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Saving Your Marriage When the Fairytale Ends

The Book: Project Happily Ever After

The Author: Alisa Bowman

The Inside Scoop: The book was written in an honest voice–so honest, that at times I would cringe thinking, “Wow, would I be able to have that in writing…forever?” See, Alisa allows her readers into her life, mind and marriage. We can all sit around and wish for a “happy ever after” but it just doesn’t happen…not without work. And personally, I didn’t believe in a “happily ever after” — not when another human is involved. A goldfish maybe, a puppy, a parrot, but not when you’re sharing your life, hopes and living space with another person who actually speaks: someone left the toothpaste cap off, they might have used up all your moisturizer and left your face dry and unprotected, or in Alisa’s case–left you all alone to tend to your newborn child while he went out to a party. I do believe in working together to make things work…and if you throw in some hot sex–you got it made.

The Lessons: Once the marriage got so bad, that Alisa’s relief was writing a fiction novel where a desperate housewife plans her husband’s death and funeral. Yeah. Juicy right? But just as she’s getting into her new project: Death to Husband, she meets with a friend who tells her, “Try everything, once you have, then you can divorce him.” I know how she felt, it’s like when I told a friend I was trying to loose weight and they said, “Well, have you tried not eating so much?” She and I both left with defeat in our hearts. Alisa wanted to hear, “Yeah, leave him, he’s a jerk.” And I wanted to hear, “Oh, here’s some cash–so get liposuction.”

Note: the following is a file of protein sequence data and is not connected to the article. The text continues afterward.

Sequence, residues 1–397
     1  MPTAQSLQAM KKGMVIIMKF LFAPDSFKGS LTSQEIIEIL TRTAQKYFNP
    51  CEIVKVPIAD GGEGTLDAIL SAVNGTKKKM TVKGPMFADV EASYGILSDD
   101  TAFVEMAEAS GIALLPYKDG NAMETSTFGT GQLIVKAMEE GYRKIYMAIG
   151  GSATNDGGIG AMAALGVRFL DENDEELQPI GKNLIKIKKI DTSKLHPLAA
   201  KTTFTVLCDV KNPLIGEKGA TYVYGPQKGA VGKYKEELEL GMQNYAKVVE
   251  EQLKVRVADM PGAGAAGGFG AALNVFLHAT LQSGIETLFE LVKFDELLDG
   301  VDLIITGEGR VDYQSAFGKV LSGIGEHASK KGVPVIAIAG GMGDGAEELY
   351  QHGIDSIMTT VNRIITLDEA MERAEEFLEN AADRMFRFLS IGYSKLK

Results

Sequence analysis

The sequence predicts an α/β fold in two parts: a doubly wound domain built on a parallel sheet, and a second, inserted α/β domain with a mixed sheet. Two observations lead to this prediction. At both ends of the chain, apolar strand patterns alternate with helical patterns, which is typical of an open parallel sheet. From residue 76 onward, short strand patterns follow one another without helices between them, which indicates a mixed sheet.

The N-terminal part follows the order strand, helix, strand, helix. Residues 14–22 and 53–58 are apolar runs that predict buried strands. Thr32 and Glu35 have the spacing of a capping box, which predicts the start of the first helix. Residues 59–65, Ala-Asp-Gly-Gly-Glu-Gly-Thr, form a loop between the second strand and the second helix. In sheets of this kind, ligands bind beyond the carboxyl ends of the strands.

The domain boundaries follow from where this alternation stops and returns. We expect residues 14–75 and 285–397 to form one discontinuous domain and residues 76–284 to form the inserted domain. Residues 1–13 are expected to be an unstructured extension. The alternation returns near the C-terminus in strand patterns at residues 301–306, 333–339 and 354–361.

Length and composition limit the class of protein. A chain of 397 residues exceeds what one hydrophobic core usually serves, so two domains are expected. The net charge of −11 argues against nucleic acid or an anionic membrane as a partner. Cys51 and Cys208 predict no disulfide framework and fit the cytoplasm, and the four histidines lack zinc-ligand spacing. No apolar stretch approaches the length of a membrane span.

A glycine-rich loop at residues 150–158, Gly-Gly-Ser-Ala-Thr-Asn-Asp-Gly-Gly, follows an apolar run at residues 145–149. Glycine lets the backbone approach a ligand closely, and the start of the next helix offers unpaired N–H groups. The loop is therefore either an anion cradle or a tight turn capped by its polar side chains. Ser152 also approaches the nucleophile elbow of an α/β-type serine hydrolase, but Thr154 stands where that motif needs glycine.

A few days later, Alisa started a new project: “Project Happily Ever After” reading several self-help books and trying various experiments involving her husband. The Hug Experiment was fascinating–when participating in a hug, who initiates it and who releases first? And what does that mean? That experiment alone, made the book invaluable to me because my own boyfriend says I suck at hugs and when he meets people and they hug him, he’ll whisper in my ear, “Now, she knows how to give a hug.” Project Happily Ever After breaks down all the techniques and tips Alisa tried in order to repair her marriage; it was like a self-help cheat sheet.

The Outcome: Alisa discusses her dating life prior to getting married and takes her readers along on her dating experience with Mark, her husband. We’re present when they first meet, the first date, the birth of their child and yes, while Alisa plans his eulogy and funeral; but we also have front row seats at the birth of Project Happily Ever After and it’s execution. The book should be broken up into sections, Singles & Married People because Alisa inserts amazing dating tips that she now realizes (in hind sight) and relates them to now being married for example; when dating a guy who says he doesn’t want children, believe him–he doesn’t want children. The book is a self-help book because it takes you step by step on her journey of saving her marriage, Mark finding her g-spot and the both of them being able to connect on such a great level. Alisa does believe in divorce–only if you can honestly say you have tried everything (she does mention that your partner has to be a willing participant otherwise, what’s the point?).

My Feedback: Buy and read a copy of Project Happily Ever After. (that link will take you there) If you’re single, you’re going to learn remarkable dating tips. If your marriage is on the rocks, you’re going to read about love lessons and experiments to turn things around and nd even if your relationship is doing well, you’ll get an education that’ll lead you to Happily Ever After–even if you don’t believe it exists at first.

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